Today I want to begin unpacking this proposed definition of a corporate worship leader’s role:
An effective corporate worship leader, aided and led by the Holy Spirit, skillfully combines biblical truth with music to magnify the worth of God and the redemptive work of Jesus Christ, thereby motivating the gathered church to join him in proclaiming and cherishing the truth about God and seeking to live all of life for the glory of God.
An effective corporate worship leader… If I’m in front of a group, I’m leading. Whether it’s through verbal contributions, facial expressions, or bodily posture, people are following me. That raises some questions. What am I leading people to? Am I aware that I’m being followed? Am I doing anything to make my leadership fruitful? Romans 12:8 says leaders must lead with zeal (ESV), or govern diligently (NIV). We should never think that we can lead people to praise God without any thought or preparation. To be effective, a leader must know where he’s going, how to get there, and how to take others along with him. That kind of leadership requires intentional effort and consistent faithfulness.
At times we can make it sound as though worshipping God together is entirely a mystical, unpredictable experience. More than once I’ve heard something like, “I just don’t understand why last week we really experienced God’s presence and this week our praise didn’t seem to make it past the ceiling.” While God may relate to us in different ways at different times, He is not hiding from us, waiting to see if we’ll find the right combination to unlock His blessing, power, and presence. Worship in spirit and truth isn’t something we’re waiting to have “happen” to us, but something we give to God. God can at any moment choose to reveal His presence in our midst, but He has identified specific actions and attitudes that glorify Him, and to which He generally responds. Critical words, for example, quench the Spirit, while praise invites His activity and involvement.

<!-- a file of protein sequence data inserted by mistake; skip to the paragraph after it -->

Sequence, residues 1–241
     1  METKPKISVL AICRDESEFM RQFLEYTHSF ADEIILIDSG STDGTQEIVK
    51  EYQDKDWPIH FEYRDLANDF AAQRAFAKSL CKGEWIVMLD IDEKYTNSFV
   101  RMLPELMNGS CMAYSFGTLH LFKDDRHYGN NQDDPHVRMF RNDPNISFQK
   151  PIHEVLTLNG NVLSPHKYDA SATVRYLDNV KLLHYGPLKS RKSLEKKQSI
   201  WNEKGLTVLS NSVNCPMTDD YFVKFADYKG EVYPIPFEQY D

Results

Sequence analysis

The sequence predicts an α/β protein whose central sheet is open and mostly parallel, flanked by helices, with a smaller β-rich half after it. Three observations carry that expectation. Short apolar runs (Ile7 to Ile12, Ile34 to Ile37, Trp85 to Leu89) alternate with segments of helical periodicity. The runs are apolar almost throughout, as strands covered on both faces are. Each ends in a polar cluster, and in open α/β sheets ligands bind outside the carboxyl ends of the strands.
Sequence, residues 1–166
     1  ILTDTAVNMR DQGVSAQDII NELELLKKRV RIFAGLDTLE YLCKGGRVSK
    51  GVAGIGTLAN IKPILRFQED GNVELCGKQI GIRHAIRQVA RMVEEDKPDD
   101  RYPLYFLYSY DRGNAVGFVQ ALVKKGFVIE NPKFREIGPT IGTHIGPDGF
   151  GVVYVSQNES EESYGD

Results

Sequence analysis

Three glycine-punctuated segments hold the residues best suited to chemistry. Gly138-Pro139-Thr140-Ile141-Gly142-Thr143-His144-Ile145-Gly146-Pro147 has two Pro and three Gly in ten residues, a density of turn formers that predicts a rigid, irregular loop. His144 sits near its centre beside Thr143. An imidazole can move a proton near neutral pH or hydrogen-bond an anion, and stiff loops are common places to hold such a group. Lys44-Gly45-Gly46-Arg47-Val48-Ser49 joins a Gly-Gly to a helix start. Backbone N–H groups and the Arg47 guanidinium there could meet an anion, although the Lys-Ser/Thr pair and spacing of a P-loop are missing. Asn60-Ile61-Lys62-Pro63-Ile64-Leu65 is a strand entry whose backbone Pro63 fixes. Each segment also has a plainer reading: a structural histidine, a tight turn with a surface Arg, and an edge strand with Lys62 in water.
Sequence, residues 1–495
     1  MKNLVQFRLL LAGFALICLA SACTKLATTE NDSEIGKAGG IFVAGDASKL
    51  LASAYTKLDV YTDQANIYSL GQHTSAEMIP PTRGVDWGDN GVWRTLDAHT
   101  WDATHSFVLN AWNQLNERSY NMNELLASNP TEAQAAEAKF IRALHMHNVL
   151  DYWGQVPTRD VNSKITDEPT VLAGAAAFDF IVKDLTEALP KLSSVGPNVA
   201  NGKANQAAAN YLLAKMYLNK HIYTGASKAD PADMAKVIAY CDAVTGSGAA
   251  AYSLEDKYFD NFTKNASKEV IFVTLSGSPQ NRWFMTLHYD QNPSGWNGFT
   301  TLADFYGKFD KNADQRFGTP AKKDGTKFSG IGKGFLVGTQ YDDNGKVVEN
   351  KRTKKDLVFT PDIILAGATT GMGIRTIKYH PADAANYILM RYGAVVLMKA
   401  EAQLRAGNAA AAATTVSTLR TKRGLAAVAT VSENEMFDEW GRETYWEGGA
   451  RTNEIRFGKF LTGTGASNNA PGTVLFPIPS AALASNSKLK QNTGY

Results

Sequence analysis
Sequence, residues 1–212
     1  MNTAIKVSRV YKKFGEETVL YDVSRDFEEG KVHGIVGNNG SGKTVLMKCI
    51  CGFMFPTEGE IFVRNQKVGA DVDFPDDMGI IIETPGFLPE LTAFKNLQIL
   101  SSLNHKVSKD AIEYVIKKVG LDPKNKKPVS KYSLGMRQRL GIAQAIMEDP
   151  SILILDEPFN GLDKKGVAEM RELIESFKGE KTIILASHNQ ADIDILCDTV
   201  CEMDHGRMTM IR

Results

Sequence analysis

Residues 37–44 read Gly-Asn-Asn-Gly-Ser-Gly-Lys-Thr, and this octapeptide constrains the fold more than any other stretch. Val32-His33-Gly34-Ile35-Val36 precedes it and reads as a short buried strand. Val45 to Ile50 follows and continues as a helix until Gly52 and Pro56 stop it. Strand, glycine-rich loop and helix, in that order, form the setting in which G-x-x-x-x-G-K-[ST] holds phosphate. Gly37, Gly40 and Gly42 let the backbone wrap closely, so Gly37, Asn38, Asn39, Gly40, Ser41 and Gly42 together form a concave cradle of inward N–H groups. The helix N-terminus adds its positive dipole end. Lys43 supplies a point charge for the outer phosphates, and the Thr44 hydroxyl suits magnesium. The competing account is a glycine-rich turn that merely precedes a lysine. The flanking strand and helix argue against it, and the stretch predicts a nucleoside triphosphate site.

We reap what we sow. When we moved into our house eight years ago our lawn was non-existent. We were surrounded by dirt. For five years I aerated, planted seed, fertilized, and waited. During that time, an amazing thing happened. Grass grew. Despite my poor horticultural talents, I reaped what I sowed. We will reap what we sow when we lead people to worship God as well. If we sow to musical experiences, we’ll reap a desire for better sounds, cooler progressions, and more creative arrangements. If we sow to feelings, we’ll reap meetings driven by the pursuit of emotional highs. On the other hand, if we want people to glorify God, we must sow to His glory. We must paint a compelling, attractive, grand, biblical picture of our great God and Savior. In order to do that, we need the power of God’s Spirit. That’s the topic tomorrow.